The deadline for tendering contracts to arbitration-eligible players not under long-term contracts this year (commonly called the “non-tender deadline”) was scheduled for Thursday, December 2.
The MLB/MLBPA collective bargaining agreement expires at 10:59 p.m. CT Wednesday, December 1.
That’s not optimal. So, players and owners made a deal:
MLB and players’ union have agreed to move tender deadline from Dec. 2 to 8pE on Nov. 30. This way, arbitration-eligible players will not be in contractual limbo. A player who gets non-tendered will have the ability to sign with a new club before lockout begins. 1/2— Ken Rosenthal (@Ken_Rosenthal) November 24, 2021
That sounds good, right? Players and owners actually agreed on something!
Hold on just a minute, though:
MLB, meanwhile, effectively will flood the market with more free agents who might get pressured into lesser deals after lockout ends. Some players could benefit, however. A solid contributor who gets non-tendered for financial reasons could sign with another club right away. 2/2— Ken Rosenthal (@Ken_Rosenthal) November 24, 2021
So, what this deal means is that on November 30, there could be dozens more free agents, players not tendered contracts by teams. As Ken Rosenthal suggests, some of those players might sign in the day and a half (or so) before a lockout begins. But more realistically, that could drive down the market.
Here is the Cubs’ 40-man roster. I don’t see anyone on it who would be non-tendered at this new deadline. There had been some talk about Ian Happ being non-tendered when he wasn’t playing well early in 2021, but his strong finish almost certainly means the Cubs will want him back.
But there could be many others who will be let go by their teams. As always, we await developments.
The other thing I want to call your attention to in relation to what is almost certainly going o be a lockout next week is this article by Rosenthal and Evan Drellich at The Athletic. The headline and focus of the article is about guidance the MLBPA has given to players on what to expect if there’s a lockout.
But I think Rosenthal and Drellich buried the lede. At the end of their article, from a guide to players that the two writers were able to acquire, are four main areas that players want to focus on for the next CBA. I reproduce them here in their entirety because I think they’re important, and they are also things we will likely be hearing a lot about over the next weeks and months.
We continue to see Clubs openly choosing a model of sustained losing while still reaping economic benefit. Winning at all levels needs to have value, or our system doesn’t work.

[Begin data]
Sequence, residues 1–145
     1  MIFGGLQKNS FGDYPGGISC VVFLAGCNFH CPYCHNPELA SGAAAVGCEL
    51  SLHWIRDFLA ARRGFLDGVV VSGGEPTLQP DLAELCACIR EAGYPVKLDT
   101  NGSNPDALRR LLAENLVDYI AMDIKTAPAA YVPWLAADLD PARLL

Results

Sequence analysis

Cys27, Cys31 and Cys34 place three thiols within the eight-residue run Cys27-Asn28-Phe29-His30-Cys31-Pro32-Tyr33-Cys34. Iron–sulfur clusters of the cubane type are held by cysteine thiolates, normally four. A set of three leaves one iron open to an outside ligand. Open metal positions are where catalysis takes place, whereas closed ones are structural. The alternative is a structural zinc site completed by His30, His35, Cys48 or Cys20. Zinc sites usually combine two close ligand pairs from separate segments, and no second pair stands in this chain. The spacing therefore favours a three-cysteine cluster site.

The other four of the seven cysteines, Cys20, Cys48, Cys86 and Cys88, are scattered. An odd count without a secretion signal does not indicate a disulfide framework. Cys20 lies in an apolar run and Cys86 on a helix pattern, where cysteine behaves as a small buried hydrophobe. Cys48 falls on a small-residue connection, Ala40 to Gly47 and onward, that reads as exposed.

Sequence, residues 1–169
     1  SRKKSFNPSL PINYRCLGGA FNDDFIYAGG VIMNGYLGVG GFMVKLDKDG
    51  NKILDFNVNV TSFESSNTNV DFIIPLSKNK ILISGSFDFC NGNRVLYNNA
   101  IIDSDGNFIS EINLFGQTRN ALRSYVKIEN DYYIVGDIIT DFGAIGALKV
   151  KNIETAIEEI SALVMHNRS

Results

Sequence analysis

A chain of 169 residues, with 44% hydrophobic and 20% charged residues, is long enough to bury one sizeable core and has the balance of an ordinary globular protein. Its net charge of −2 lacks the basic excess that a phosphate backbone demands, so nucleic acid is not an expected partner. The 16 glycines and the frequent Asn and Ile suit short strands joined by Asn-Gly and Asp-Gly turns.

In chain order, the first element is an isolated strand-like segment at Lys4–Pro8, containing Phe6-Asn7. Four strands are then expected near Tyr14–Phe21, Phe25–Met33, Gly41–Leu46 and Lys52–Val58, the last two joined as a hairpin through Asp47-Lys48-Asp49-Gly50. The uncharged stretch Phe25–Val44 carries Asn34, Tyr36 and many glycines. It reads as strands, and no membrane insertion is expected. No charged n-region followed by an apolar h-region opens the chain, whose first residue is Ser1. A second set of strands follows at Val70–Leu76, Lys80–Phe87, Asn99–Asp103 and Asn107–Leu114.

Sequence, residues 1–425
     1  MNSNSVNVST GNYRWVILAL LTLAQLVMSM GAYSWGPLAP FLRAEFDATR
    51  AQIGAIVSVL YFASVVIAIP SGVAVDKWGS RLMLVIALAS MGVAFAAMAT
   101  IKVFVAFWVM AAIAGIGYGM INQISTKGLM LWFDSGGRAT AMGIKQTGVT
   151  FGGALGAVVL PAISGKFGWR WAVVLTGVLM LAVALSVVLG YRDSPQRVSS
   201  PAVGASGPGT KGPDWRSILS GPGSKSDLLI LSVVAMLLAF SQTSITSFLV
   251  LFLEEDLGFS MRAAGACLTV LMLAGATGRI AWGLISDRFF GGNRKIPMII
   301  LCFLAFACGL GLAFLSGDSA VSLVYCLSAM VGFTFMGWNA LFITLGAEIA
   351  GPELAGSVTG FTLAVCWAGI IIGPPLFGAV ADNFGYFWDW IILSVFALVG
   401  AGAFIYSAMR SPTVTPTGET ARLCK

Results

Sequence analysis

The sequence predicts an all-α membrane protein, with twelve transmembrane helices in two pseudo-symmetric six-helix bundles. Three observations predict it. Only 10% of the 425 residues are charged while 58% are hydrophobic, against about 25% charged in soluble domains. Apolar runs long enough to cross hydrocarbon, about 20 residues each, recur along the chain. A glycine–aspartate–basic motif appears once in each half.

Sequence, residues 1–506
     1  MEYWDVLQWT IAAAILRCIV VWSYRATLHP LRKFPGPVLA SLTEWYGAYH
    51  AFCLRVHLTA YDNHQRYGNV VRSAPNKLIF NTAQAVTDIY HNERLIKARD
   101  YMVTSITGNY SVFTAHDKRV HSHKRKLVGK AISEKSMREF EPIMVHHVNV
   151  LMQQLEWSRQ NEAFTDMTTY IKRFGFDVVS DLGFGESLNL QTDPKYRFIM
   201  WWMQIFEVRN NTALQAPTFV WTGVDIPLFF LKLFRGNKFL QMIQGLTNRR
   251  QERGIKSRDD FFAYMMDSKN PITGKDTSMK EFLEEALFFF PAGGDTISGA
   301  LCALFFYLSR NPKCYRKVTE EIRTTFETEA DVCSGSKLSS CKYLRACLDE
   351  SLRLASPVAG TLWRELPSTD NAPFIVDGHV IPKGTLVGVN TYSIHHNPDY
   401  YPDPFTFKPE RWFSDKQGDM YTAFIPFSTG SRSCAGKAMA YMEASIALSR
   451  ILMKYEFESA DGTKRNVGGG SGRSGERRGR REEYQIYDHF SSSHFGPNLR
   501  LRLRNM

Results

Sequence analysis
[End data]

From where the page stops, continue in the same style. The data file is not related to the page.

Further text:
Ensuring the most talented players are on the field
Our game is at its best when the best Players are on the field, regardless of age, experience, or service time. Clubs continue to keep the best Players off the field, simply to manipulate service time. This fundamentally damages the integrity of the sport.
Reducing artificial restraints on competition
Restrictions like the Competitive Balance Tax (CBT) and Draft Pick Compensation continue to affect how Clubs compete for Players and provide convenient excuses for Clubs to justify their lack of competitiveness. These artificial drags on Player compensation must be addressed.
Getting players their value earlier in their career
For decades, our reserve system has been separated into three main groups: pre-arbitration players who make near the minimum salary; players eligible for salary arbitration; and free agents. Recent industry trends show that more and more on-field value is being created by younger players whose salaries are artificially suppressed by the reserve system. The system needs to be modernized so that players can be compensated for the value they create, WHEN THEY CREATE IT.
These things would all seem to be no-brainers for players. If done correctly, they could also make more money for owners by increasing competition among teams and potentially incentivizing contention, which would have more fans interested in watching teams that are currently “tanking.”
Owners, at least at this time, don’t seem interested in changing the current system. We’ll ses what happens. I fear it’s going to take a long time and possibly put the 2022 MLB season in jeopardy.